This novel is imaginative, monolithic, action-packed, and induces some head-scratching as is traditional with time-travel stories. At times there are too many characters and events, which requires patience. But the reader will not be disappointed. Twist after twist reveal themselves and the confusing aspects slot into place. By this time, you are so attached to Kennedy, Lightholler and comrades that you don’t want to leave them behind. Kowalski’s debut novel details a backwards nightmare world of a would-be future. The literary descriptions are surprising in an adventure novel. It is obviously intended for an international market, and carries a strong message that war in some form is inevitable, for freedom of the masses to prevail. It’s a shaky message but the author cleverly catches you in the narrative’s spirit. I look forward to what Kowalski might come up with next.

See the book’s website

See also the interview with David Kowalski.


First published in the July 2007 issue of BOOKSELLER + PUBLISHER magazine (c) 2007 Thorpe-Bowker (a division of RR Bowker LLC)
What inspired the idea that changing the fate of the Titanic could change the course of the Twentieth Century?
Rightly or wrongly, the fate of the Titanic has been linked with the end of the Edwardian Age and much more besides. As an event which has reached the scale of modern myth, I felt it was an ideal launching point for a skewed vision of the last century.

Company of the Dead is a mix of genres – action, adventure, sci-fi, and it is also evocatively descriptive. Where do you see it fitting on the shelf? What other authors do you admire?

Frankly I’d like to see it on everyone’s shelf, as to where they might put it is a dilemma I have long had myself. As you say, it’s a mix of genres and deliberately so. I’d like to think of it as literature, I suppose. As for my tastes, they are quite varied. I love James Joyce and Marcel Proust, writers who lived for their words, but I equally enjoy authors like Stephen King and James Ellroy. There is a long list of writers I admire; what they hold in common to me is a desire to treat their readers as honestly and respectfully as possible.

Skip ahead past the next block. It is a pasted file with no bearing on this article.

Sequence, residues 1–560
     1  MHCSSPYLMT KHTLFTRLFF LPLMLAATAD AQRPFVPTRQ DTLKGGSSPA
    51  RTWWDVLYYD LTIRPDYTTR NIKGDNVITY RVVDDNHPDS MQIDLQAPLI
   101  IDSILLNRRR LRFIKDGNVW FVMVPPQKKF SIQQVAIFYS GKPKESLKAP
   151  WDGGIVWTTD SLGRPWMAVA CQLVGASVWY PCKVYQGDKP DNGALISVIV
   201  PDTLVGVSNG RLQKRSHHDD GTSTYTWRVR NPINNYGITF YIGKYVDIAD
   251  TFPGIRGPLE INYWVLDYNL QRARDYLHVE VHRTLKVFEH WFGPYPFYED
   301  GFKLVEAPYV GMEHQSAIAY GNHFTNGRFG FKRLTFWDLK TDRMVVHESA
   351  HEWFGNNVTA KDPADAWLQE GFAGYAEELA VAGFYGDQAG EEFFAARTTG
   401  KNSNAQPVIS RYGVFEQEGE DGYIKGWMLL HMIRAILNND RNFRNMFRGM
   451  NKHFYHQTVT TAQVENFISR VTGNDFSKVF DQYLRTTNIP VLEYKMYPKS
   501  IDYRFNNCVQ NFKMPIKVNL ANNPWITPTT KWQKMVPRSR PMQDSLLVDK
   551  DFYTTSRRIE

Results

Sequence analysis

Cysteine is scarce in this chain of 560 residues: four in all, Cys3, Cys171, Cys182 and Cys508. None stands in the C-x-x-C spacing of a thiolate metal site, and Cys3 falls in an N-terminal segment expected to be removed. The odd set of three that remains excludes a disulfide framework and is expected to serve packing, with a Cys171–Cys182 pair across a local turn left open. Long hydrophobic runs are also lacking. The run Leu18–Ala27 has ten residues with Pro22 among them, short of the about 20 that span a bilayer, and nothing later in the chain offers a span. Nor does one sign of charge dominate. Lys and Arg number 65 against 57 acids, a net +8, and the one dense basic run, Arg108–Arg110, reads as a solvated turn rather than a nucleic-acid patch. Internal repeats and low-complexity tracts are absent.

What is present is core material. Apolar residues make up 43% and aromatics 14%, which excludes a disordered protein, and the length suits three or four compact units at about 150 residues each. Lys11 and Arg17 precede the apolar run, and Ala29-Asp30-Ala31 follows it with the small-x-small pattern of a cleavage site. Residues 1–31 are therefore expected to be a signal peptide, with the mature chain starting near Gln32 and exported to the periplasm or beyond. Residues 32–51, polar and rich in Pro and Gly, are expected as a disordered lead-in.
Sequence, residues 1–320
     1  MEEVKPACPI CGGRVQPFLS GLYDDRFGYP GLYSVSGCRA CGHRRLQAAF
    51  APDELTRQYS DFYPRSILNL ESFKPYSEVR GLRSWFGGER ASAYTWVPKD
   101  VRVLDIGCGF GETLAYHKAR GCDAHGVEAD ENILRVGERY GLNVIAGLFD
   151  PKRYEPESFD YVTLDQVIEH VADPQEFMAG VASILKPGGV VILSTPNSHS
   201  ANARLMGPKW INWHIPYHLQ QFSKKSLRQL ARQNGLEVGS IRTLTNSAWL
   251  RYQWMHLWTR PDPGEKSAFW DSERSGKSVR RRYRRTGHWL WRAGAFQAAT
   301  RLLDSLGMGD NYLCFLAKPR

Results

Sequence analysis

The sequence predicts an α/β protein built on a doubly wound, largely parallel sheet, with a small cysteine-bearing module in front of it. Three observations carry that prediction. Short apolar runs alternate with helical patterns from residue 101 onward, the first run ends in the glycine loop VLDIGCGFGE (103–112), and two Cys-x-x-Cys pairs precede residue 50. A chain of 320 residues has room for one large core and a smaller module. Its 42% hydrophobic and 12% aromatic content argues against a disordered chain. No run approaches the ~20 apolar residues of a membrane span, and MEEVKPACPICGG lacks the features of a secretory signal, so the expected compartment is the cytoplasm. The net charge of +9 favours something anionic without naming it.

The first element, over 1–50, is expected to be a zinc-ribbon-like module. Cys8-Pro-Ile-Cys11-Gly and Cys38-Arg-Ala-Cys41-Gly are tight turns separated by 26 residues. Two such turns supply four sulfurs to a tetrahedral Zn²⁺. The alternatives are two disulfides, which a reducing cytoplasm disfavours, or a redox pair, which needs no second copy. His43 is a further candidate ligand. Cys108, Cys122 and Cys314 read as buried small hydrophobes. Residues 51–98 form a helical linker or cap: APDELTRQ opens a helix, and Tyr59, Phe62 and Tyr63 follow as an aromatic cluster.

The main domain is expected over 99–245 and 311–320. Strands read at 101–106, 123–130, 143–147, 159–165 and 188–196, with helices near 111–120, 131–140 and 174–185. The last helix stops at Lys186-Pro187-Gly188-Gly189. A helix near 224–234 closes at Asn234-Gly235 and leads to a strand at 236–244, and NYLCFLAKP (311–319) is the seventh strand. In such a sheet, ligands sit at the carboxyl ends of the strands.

The story is both complex and readable, how did you cope with a full-time medical career whilst carrying around such a massive story in your head?


This started as a short story. I had no idea how long it was going to take though I don’t regret a moment of it. I don’t know how to answer your question in any other way than to say I suppose I was living the story the whole time I was writing it. I found the complexity of that world an intriguing counterpoint to my day to day work activities.

Your characters (eg. Kennedy and Lightholler) are appealing and charismatic. Was it difficult to leave them behind once you’d completed the novel?

I’m glad you ask that because it makes me feel a whole lot less foolish about the feelings I have for those guys; Kennedy, Lightholler and the whole gang. It suggests that I can be excused for missing them. Having said that, various portions of the editing process brought them back to me. I’d been with them for almost ten years, so yes, it was hard to end that relationship.

What are you planning as a follow-up?

I am working in collaboration on a screenplay. There is also a novel I’ve had in the pipeline for the last five years. I will tell you two things about it. Firstly, it has nothing to do with Company. Secondly, whenever I discussed the premise of it with friends who were familiar with the way Company was progressing, they told me to abandon Company and start on the new one. I hope that bodes well.

Had you always intended to write for an international audience? I kept hoping for an Aussie to pop up!

I was waiting to see an Aussie myself, believe me. There were a number of characters in the book, slated to be Australian. Any attempt I made in that direction seemed contrived within the framework of the novel. The relationships they have and the things that drive the characters are intrinsically related to their cultural backgrounds, and I certainly did not want to make any token gestures for the sake of local markets. As for my intended audience – I wrote something that I thought I would enjoy reading. I didn’t want to be bound by borders or social interests.

Interviews + Profiles

Jul 20, 2007



Jul 18, 2007


You may not notice your kidneys, as you don’t notice the other organs tucked inside, quietly functioning to make you whole. Your kidneys filter waste liquid due to metabolism of the blood, and this creates urine. Without kidneys you cannot pee.